The lodge in Flamingo was devastated by the last hurricane and has not been rebuilt, but you can find campgrounds here. There is a marina with a store and boat rides. Osprey rule this part of the park, with six active nests this past season. White Pelicans and American Crocodiles are also seen in this estuarine environment. Both Pileated and Red-bellied Woodpecker nest in the vicinity of the marina. Hawks and Northern Harriers patrol the air.

A number of shorebirds can be found walking on the sandy beach. In the afternoon, be sure to have a wide angle lens to capture the sunset.

Tropical sunset © Fabiola Forns

On the west side, by Tamiami Trail, Shark Valley provides another entrance to the park. This entrance is closed at night, and opens at 8:30 AM. This is a morning trip for photographers because of the sun orientation. If you don’t mind walking, you can leave your car on the road, away from the No Parking signs. Walk in and you will surely find some wildlife along the canal. Here, Alligator are common and you will find them in large numbers. Always exercise caution when getting close to them. They are used to humans but care must be taken not to provoke an incident that could end in harm to humans or the animals.

Last year, there was a juvenile Purple Gallinule here that, to the dismay of Rangers, became accustomed to begging for food. If a visitor walked by carrying a bag of chips, the bird would fly the width of the canal towards that person, clearly displaying the desire to share the visitor’s snack. It is illegal to feed wildlife, but this sneaky bird managed to eat out of people’s hands, as people are often so enchanted by wild animals that they feed them anyway, despite the rules. Fortunately, I have not seen this behavior this year.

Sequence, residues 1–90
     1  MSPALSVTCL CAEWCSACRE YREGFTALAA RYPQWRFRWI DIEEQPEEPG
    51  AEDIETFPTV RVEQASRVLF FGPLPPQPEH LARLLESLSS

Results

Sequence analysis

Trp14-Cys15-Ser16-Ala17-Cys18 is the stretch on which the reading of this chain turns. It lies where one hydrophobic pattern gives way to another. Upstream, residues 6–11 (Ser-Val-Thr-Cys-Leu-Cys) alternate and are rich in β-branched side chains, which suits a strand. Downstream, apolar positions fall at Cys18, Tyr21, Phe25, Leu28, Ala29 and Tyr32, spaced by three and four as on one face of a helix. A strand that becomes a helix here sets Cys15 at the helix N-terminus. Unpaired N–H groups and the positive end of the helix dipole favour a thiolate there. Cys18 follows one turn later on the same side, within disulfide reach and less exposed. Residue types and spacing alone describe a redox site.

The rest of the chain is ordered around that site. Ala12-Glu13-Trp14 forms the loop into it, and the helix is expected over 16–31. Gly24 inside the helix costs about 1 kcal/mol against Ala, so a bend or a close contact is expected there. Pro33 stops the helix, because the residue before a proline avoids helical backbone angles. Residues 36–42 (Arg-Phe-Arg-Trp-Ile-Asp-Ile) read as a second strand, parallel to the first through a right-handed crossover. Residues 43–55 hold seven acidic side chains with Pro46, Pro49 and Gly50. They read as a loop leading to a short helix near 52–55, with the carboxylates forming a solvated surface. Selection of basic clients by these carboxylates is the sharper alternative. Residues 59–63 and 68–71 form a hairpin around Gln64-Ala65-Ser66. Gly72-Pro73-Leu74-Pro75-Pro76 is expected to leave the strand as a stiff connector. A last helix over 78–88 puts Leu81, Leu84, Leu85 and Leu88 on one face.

Purple gallinule © Fabiola Forns

Over the gift shop, a pair of Red-shouldered Hawks have nested every year for the last several years, bringing new branches every season, then food for the chicks. Because they are so close, a very short telephoto would suffice for those looking to photograph them here.

If you want to see the heart of the swamp, take the Tram-narrated ride to the Observation Tower. You will learn about the ecosystem and have the possibility of seeing wildlife. This is a popular place for cyclists.

Everglades City is the Western gate to the park. You can take boat tours in the Estuary, where Dolphins often follow the wake of the boat, or you can opt for a smaller and more adventurous ride through the mangroves. An air boat ride is a unique experience, even though wildlife is dispersed by the noise.

The best time to visit the park is the dry season, which runs roughly from December to April. The heat is more tolerable and there are fewer, if any, insects. Clear days make it very appealing as a vacation, and it is a great educational place in which to bring children of all ages in contact with nature.

For photographers, the early hours before dawn, the golden light before mid-morning, and the late afternoon hours till sunset provide the best opportunities for image making. In most areas, a medium telephoto lens is all you need to capture good images, although you will also find uses for your long lenses. Comfortable shoes, a hat, bug repellant and water should be with you at all times, as well as enough memory cards to capture your Everglades experience.

Golden light sunset © Fabiola Forns

The Florida Everglades is unique in so many ways. Enjoy it, treat it with respect and share it with others. With care, it can last for many generations.

About the Author

Love for nature has always inspired this artistically inclined woman, who, after dabbling in other fields as creative writing, music and oil painting, has found her true call in photography. Fabiola holds a degree in Human Resources from St. Thomas University in Miami and teaches photography at Miami-Dade College. As a 2007 winner of the Birds category in the prestigious Windland Smith Rice International Awards, she constantly strives for creativity in her work. She and her husband, Alfred Forns, are a team that complement each other - you can see their work at

Post a Comment

Logged in as Anonymous